Social media users have shared photos that purport to show Mordake’s skull. But the images show works of art, not real human remains.
One black-and-white photo shows a man's nose and chin contrasted with his smaller second face. A color photo circulated in some posts shows another angle of the man, purportedly Mordake.
In May 2018, before Kuebler's sculpture was posted, some social media users claimed a papier-mâché creation by Ewart Schindler was the skull of Mordake. In fact, the artwork was posted on DeviantArt in 2015.
Mordake's description doesn't match known medical conditions
Mordake's purported condition shares some similarities with two real but extremely rare medical conditions: craniopagus parasiticus and diprosopus. However, existing descriptions of Mordake don't quite match either one.
Craniopagus parasiticus is a type of asymmetrical conjoined twinning in which one twin is considered parasitic because its body is undeveloped or underdeveloped. Doctors who studied Mordake's description for the Child Nervous System journal diagnosed Mordake with "an apocryphal case" of the condition.
The condition is also unlikely. According to the Children's Hospital of Philadelphia, conjoined twins occur once in roughly 50,000 to 60,000 births, and most are stillborn or cannot survive outside of the womb. Of these cases, 25% are males and just 2% are joined at the head.
In its analysis of the story, Snopes also suggested that if he existed, the real Mordake could have had diprosopus, also known as craniofacial duplication, a condition in which a person's face is mirrored in another, underdeveloped face elsewhere on their head. This appears to line up with the description of Mordake as having a second face rather than a fully developed conjoined head.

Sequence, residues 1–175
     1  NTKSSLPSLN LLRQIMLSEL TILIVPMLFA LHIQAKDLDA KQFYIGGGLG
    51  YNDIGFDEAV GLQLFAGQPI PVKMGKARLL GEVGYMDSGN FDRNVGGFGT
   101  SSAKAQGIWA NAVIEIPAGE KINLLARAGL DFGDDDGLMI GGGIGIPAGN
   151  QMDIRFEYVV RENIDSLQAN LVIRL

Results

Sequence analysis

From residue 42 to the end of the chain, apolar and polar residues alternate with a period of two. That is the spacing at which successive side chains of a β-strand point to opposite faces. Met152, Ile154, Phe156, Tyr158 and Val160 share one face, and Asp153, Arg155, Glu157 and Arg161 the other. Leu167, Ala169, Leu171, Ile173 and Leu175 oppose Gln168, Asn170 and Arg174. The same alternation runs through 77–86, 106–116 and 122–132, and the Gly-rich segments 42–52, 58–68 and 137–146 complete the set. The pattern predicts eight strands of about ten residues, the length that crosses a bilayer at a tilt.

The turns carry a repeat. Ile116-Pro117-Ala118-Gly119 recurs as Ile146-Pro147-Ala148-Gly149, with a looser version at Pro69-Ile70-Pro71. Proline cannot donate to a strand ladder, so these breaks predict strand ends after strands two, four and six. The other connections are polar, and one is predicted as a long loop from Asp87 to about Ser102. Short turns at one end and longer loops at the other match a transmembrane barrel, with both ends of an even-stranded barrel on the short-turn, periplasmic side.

However, Mordake's description doesn't exactly match that condition.
The Boston Sunday Post article says Mordake's second face "would be seen to smile and sneer, while Mordake was weeping." But in cases of diprosopus, facial movements are mirrored in both faces.
Our rating: False
Based on our research, we rate FALSE the claim that photos show the skull of Mordake, a man born with an extra face. The photos show works of art, not a real person or skull. There is no credible scientific or archival evidence that Mordake existed.
Our fact-check sources:
Boston Sunday Post, Dec. 8, 1895, The Wonders of Modern Science
George M. Gould and Walter L. Pyle, October 1896, Anomalies and Curiosities of Medicine
Lead Stories, July 16, Fact Check: There Is NO Evidence That Edward Mordrake Was A Real Person
Panoptikum via Youtube, June 15, 2016, Panoptikum - Das Wachsfigurenkabinett in Hamburg
Museum of Hoaxes (Alex Boese), April 24, 2015, Edward Mordrake--- A Mystery Solved
University of Santa Barbara, accessed July 22, A Brief History of Fake News
Snopes, Nov. 14, 2017, Edward Mordrake, the Man with Two Faces
Newsweek, May 4, 2018, Edward Mordrake's Mummified Head Photo Isn't Real, Two-Faced Skull Created by Artist
EJShindler via Deviantart, Oct. 27, 2015, The Head of Edward Mordrake
Tom Kuebler, Nov. 22, 2019, Instagram post
Child's Nervous System Journal, Nov. 7, 2014, An apocryphal case of craniopagus parasiticus: the legend of Edward Mordake
Surgical Neurology, June 1989, Craniopagus parasiticus: Everard Home's Two-Headed Boy of Bengal and some other cases
JTithonus via Youtube, July 6, 2007, Chang Tzu Ping
The Human Marvels, accessed July 20, Edward Mordrake— The Man with 20 Faces
Children's Hospital of Philadelphia, accessed July 20, Conjoined Twins
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This article originally appeared on USA TODAY: Fact check: Two-faced Edward Mordrake was a literary creation